Translations of
EnglishSympathetic joy
(MLCTS: mṵdḭtà)
(Pinyin: )
(Rōmaji: ki)
(UNGEGN: mŭtĭta)
(RTGS: muthitaa)
Glossary of Buddhism

Muditā (Pāli and Sanskrit: मुदिता) is a dharmic concept of joy, particularly an especially sympathetic or vicarious joy—the pleasure that comes from delighting in other people's well-being.[1]

The traditional paradigmatic example of this mind-state is the attitude of a parent observing a growing child's accomplishments and successes.[2] Mudita should not be confused with pride, as a person feeling mudita may not have any benefit or direct income from the accomplishments of the other.[non sequitur] Mudita is a pure joy unadulterated by self-interest.[citation needed]


Mudita meditation cultivates appreciative joy at the success and good fortune of others. The Buddha described this variety of meditation in this way:

Here, O, Monks, a disciple lets his mind pervade one quarter of the world with thoughts of unselfish joy, and so the second, and so the third, and so the fourth. And thus the whole wide world, above, below, around, everywhere and equally, he continues to pervade with a heart of unselfish joy, abundant, grown great, measureless, without hostility or ill-will.[3][attribution needed]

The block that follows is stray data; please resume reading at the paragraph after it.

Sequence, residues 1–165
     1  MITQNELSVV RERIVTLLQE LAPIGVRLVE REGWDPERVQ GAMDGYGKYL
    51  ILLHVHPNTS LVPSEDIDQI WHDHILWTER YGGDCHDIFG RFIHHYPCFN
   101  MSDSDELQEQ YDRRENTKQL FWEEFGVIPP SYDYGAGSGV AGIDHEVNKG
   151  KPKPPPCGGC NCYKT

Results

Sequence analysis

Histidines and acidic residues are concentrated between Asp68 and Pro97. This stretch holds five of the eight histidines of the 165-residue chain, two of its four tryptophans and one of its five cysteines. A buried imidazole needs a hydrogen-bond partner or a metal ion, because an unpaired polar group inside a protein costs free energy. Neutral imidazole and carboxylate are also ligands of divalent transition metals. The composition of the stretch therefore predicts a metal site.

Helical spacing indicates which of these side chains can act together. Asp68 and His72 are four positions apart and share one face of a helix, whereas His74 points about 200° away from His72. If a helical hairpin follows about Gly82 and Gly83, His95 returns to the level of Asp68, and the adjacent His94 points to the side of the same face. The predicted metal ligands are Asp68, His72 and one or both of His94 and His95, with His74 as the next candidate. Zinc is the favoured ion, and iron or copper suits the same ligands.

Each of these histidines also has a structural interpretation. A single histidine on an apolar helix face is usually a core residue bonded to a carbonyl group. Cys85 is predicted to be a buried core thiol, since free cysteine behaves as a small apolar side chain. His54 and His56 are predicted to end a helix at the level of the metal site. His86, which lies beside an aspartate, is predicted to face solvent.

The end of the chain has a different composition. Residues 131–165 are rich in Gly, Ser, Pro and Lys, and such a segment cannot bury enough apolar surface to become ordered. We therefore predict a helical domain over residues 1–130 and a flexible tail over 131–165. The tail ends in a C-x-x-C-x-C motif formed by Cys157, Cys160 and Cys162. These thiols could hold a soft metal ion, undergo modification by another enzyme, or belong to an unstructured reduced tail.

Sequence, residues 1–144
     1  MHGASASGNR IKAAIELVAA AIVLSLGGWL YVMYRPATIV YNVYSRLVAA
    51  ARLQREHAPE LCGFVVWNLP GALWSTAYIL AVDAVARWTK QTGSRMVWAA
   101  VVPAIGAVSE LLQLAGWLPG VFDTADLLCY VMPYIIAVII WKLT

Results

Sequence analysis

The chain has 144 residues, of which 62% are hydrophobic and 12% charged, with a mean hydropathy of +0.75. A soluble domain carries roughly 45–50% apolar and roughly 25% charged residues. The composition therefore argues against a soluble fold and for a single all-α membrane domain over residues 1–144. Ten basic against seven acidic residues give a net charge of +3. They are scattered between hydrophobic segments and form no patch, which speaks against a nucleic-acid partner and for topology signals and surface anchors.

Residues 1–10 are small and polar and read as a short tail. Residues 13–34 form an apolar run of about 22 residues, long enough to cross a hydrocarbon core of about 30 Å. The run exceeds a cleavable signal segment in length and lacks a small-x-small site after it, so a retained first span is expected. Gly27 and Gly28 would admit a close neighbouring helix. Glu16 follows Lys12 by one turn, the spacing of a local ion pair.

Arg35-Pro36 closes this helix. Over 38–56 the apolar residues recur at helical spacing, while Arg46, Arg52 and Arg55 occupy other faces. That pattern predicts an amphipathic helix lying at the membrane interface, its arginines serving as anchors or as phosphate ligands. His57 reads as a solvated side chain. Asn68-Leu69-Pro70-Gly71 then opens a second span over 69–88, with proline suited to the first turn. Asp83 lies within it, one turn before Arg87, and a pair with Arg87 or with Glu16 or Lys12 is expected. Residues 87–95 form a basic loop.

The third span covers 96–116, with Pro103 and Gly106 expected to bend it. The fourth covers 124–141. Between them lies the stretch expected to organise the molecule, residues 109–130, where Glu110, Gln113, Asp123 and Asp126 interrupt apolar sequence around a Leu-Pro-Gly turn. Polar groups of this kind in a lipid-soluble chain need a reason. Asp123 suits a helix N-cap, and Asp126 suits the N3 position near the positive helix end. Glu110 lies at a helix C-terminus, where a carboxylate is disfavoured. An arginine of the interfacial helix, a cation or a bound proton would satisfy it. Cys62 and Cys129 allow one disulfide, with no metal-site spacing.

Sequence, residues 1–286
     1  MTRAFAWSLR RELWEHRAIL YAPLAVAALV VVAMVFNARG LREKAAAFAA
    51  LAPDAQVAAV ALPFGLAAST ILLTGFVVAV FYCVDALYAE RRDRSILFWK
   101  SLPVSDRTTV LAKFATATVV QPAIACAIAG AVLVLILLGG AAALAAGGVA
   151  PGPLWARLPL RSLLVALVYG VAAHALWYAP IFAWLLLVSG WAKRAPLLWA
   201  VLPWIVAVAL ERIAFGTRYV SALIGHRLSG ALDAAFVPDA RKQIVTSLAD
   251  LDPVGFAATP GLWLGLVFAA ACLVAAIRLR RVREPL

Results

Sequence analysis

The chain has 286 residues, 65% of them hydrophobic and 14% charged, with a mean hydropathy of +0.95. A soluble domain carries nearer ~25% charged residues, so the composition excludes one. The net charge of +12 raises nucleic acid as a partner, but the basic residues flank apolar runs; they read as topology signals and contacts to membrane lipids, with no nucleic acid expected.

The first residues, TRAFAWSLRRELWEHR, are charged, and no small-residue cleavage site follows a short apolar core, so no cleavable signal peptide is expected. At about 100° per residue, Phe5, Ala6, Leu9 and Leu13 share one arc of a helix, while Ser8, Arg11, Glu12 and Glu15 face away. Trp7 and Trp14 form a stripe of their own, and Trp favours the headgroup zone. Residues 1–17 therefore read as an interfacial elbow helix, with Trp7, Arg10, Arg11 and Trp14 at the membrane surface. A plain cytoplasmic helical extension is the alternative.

Buddhist teachers compare mudita to an inner spring of infinite joy that is available to everyone at all times, regardless of circumstances.

The more deeply one drinks of this spring,
the more securely one becomes in one's own abundant happiness,
the more bountiful it becomes to relish the joy of other people.[citation needed]

Joy is also traditionally regarded as the most difficult to cultivate of the four immeasurables (brahmavihārā: also "four sublime attitudes"). To show joy is to celebrate happiness and achievement in others even when we are facing tragedy ourselves.[4]

According to Buddhist teacher Ayya Khema showing joy towards sadistic pleasure[clarification needed] is wrong. Here there should instead be compassion (karuṇā).

The "far enemies" of joy are jealousy (envy) and greed, mind-states in obvious opposition. Joy's "near enemy," the quality which superficially resembles joy but is in fact more subtly in opposition to it, is exhilaration, described as a grasping at pleasant experience out of a sense of insufficiency or lack.[5][verification needed]

See also


  1. ^ Salzberg, Sharon (1995). Loving-Kindness: The Revolutionary Art of Happiness. Shambhala Publications. p. 119. ISBN 9781570629037.
  2. ^ U Pandita, Sayadaw (2006). The State of Mind Called Beautiful. Simon and Schuster. p. 51. ISBN 9780861713455.
  3. ^ Nyanaponika, Thera; Jackson, Natasha; Knight, C.F.; Oates, L.R. (1983). Muditā: The Buddha’s Teaching on Unselfish Joy (PDF). The Wheel. Vol. 170. Kandy, Sri Lanka: Buddhist Publication Society.
  4. ^ Harris, Elizabeth J. (June 1994). "A Journey into Buddhism". Access to Insight.
  5. ^